Worrying always overwhelms you just when you don’t need it. You want to go to sleep, but worrying keeps you awake. You need to prepare your youth sermon, but worrying keeps distracting you. You want to really ‘be’ in the conversation and listen, but worrying keeps drawing your thoughts elsewhere.
Worries about your youth ministry.
Worries about your financial situation.
Worries about your marriage, your family, your friends.
Worries about students, your small group members.
Worries about the future.
While we all have our worry moments every now and then, there can be times in your life when your worries really seem to take over. If you feel your life is being dominated by worries, here’s what to do.
1. Challenge your worries
This is a tough place to start, especially if you are an emotional person, but it really does work. If you become aware you’re worrying over something, ask yourself these questions:
- Is this problem real, or am I just imagining worst-case scenarios?
- If the problem is real, can I influence it in any way? What area is under my control and what isn’t?
- If I can influence it, what do I need to do to prevent my worries from becoming reality?
- If the problem isn’t real, how likely/probable is it that it will actually happen?
- What would you advise your friend if he/she has this problem?
It often also helps to talk this over with a good friend, preferably one who is not part of the problem or the solution.
2. Challenge your mind
Often we feel like our mind has a will of its own, but we control our minds. No matter how cheesy or self-help it may sound, you can actually determine what you think about. This sense of control is important, because it will make you feel less of a victim and more in control.
Worrying has a lot to do with and is often fueled by a sense of powerlessness. Psychiatrist Edward Hallowell calls this the basic equation of worry:
Heightened Vulnerability + Lack of Control = Toxic Worry
“The more vulnerable you feel (regardless of how vulnerable you are) and the less control you feel you have (regardless of how much control you actually have), the more toxic your worrying will become. Therefore, any steps you can take to reduce your feelings of vulnerability and/or increase your feelings of control will serve to reduce your feelings of toxic worry.” (Source)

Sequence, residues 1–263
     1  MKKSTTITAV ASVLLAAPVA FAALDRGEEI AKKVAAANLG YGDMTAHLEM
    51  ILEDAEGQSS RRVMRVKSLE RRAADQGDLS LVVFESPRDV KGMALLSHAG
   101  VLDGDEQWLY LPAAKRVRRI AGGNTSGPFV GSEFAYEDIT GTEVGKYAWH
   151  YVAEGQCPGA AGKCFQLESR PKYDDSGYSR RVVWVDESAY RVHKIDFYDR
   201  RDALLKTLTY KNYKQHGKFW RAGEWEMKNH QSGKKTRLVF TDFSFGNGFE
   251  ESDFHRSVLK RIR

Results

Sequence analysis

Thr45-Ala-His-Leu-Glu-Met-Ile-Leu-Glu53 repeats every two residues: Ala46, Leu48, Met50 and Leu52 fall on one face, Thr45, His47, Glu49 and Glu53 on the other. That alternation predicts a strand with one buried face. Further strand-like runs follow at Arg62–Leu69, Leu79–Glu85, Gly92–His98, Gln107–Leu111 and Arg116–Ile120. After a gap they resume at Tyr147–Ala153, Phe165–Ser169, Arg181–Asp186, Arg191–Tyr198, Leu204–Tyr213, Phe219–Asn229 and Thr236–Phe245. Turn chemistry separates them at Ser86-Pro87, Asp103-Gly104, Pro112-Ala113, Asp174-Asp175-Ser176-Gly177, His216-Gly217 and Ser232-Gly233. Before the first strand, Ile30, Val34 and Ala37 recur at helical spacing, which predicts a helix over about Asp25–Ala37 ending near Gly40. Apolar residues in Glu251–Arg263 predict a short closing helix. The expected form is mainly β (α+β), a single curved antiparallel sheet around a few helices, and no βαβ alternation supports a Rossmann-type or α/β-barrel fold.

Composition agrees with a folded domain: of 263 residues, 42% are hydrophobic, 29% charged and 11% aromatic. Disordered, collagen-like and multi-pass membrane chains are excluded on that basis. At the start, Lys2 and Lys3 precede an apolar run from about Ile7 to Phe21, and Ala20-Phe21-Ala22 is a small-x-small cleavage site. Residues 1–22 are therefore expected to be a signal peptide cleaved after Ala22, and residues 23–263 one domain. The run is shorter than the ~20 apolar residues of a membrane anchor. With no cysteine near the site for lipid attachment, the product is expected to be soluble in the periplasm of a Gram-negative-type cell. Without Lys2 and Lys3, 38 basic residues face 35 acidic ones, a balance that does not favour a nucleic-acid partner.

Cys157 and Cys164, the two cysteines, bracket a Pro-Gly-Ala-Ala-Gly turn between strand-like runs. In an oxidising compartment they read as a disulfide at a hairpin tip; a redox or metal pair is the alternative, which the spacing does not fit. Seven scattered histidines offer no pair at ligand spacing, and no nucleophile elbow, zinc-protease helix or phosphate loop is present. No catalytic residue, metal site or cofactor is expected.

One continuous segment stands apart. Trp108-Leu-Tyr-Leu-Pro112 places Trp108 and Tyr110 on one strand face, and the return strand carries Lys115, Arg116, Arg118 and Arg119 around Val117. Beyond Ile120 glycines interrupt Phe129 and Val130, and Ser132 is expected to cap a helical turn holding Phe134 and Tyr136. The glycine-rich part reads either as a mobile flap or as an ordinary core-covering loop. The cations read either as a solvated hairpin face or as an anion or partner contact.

3. Challenge yourself
Some worries are outside of our control and influence, but others we can do something about. If you worry about the repercussions of missing a deadline for instance, that’s inside your area of control. So challenge yourself as well: what can you do to prevent real worries from arising? Procrastination is a major source for worrying!
Worrying can also easily lead to scenario thinking: you play all these imaginary confrontations out in your head. You may fool yourself into thinking you’re preparing, but unless the situation is real, you’re not. You’re worrying.
4. Let go
The last step you need to take, is to tell your worries, fears and anxieties to God. 1 Peter 5:9 says that we can and should cast all our cares upon Him, because He cares for us. God wants us to share our worries with Him and He wants to listen.
We all know this to be true in theory, but we practice it so little. I’ve learned to do this after studying the Psalms, there are so many Psalm that are basically ‘worry Psalms’. Take Psalm 55 for example where David complains about his friends betraying him. He is literally pouring out his heart to God with every emotion that comes with it. And then he says this:
“Cast your burden on the Lord and He shall sustain you.” (Psalm 55:22)
The trick is to not just bring your worries to God, but to leave them there. That again takes a decision of the mind, a constant reminding of yourself that you have done everything you needed to do about this worry (which is why it’s good to not just tell God your worries, but do the other three steps as well). And now it’s up to God to care for you and sustain you.
And I promise you: He will.
What are you worrying about right now and what steps do you need to take to stop worrying?